“ Sacred Hindu temples situated beside a lake in Mauritius „
Grand Bassin Mauritius.
Ganga Talao Lake can be found in the highland plains of Mauritius approximately 1800 feet above sea level. It is a beautiful lake in the middle of the high plateau and has become a religious pilgrimage site for the Hindus of Mauritius. Around the edge of the lake are several temples and small offering tables made of stone beside the lake where pilgrims will say prayers and leave gifts on a banana leaf to the lord Shiva.
The lake is reputed to be 50-60 feet deep and its source is from springs that rise into the crater of the lake. The lake was formed after the once active volcano died out many, many years ago. In the sacred lake there are many sizeable fish which feed off the offerings left by Hindu Pilgrims.
The surrounding area is covered in lush green foliage but there are also monkeys that can on occasion become quite vicious if goaded. Generally they leave people alone if they are left alone and sit happily in the trees preening themselves.
In 1887 a priest from the northern town of Triolet had a dream about the lake. He set off the next day in search of it with eight other people. When he discovered the lake he recognised it as looking exactly like it did in his dream. Every year since, pilgrims from all over the island make the pilgrimage to the lake bare footed. People on route often feed the pilgrims as they make their way there. The pilgrims also carry gifts to leave beside the lake and usually the festival takes place in February or March. It is a very colourful procession with all the ladies dressed up in their colourful saris.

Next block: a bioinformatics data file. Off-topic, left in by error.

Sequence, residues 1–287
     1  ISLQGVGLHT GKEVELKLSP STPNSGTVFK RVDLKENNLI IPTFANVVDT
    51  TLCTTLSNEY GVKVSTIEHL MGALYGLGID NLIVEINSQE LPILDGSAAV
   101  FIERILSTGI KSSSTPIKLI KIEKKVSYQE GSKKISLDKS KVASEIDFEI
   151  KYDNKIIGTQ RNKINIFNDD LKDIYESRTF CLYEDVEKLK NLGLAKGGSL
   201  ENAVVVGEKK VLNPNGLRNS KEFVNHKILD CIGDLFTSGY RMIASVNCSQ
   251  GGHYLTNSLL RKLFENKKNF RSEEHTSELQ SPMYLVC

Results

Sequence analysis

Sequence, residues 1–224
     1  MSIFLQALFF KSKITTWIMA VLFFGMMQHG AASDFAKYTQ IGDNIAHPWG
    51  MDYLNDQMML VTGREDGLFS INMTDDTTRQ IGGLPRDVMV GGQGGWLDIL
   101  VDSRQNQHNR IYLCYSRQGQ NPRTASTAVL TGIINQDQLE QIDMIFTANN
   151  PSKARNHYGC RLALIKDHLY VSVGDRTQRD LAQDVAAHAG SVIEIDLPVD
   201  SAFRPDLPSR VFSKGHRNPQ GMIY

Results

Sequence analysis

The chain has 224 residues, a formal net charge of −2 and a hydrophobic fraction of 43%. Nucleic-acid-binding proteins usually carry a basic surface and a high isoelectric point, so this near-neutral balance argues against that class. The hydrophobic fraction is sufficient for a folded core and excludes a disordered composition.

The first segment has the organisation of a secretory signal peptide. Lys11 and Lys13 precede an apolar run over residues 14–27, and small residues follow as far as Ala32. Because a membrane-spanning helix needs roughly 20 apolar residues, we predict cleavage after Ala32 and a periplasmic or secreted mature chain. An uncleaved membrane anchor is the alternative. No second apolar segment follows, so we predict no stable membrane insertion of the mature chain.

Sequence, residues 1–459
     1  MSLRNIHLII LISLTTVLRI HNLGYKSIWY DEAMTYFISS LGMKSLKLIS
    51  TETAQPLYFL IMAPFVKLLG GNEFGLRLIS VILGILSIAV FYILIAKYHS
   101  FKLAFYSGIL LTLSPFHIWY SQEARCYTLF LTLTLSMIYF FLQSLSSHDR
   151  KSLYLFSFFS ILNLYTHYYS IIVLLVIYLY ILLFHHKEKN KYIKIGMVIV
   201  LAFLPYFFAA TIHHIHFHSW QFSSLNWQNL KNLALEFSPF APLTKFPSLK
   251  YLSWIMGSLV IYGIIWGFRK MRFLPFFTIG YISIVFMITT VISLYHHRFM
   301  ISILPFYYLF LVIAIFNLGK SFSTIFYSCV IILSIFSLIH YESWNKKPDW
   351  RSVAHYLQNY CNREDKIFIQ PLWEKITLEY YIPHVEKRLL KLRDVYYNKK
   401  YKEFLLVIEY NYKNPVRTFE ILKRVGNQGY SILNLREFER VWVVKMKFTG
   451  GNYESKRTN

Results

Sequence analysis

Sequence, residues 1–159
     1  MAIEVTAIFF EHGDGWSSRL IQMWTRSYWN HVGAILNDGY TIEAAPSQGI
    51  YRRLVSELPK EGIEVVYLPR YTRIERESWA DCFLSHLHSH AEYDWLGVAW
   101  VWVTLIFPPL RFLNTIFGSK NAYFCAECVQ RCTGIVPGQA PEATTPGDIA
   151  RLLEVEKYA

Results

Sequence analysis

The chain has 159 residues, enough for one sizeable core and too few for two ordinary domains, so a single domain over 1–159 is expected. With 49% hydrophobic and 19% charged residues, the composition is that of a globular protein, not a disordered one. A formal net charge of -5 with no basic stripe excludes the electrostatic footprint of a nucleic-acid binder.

When visiting the temples people should remove their shoes before entering the temple. They should ring the bell above the doorway once and enter. When they are exiting they should do so backwards. Although entrance to the temples is free there are donation boxes set around the temples for people to make donations. The temples are in honour of the following Hindu Gods Shiva, Vishnu and Ganesh and there are several other statues of Manuman, Omkar Lakshmi amongst many others dotted around the sacred site.
There is also a huge statue of the Hindu God Shiva which was installed and inaugurated in 2007. It is the tallest statue in Mauritius and stands at 108 feet high. It appears to be bronze coloured and wrapped around his arms and his shoulders are three cobras. It looks like he is standing guarding the holy site and appears to be giving a blessing to the arriving pilgrims. There is a second statue of the six armed Goddess Durga due to be installed later this year and this will look fantastic.
There are plenty of places to park and toilet facilities. Entry to the site is free but remember to leave a donation for the maintenance and upkeep of the temples. A visit can be combined with a trip to other places near by such as the Bois Cheri tea plantation or Chamarel.
Each time I visit Mauritius I visit this place on a personal pilgrimage to remember a dear friend and colleague who sadly died prematurely from Cancer. There is a peaceful aura at this place and although historically the site is fairly new it seems to improve with time as is fairly typical of Hindu temples and it certainly has a draw to it. I would recommend a visit to this holy site as it is in a place of natural beauty and one that will fill you with awe.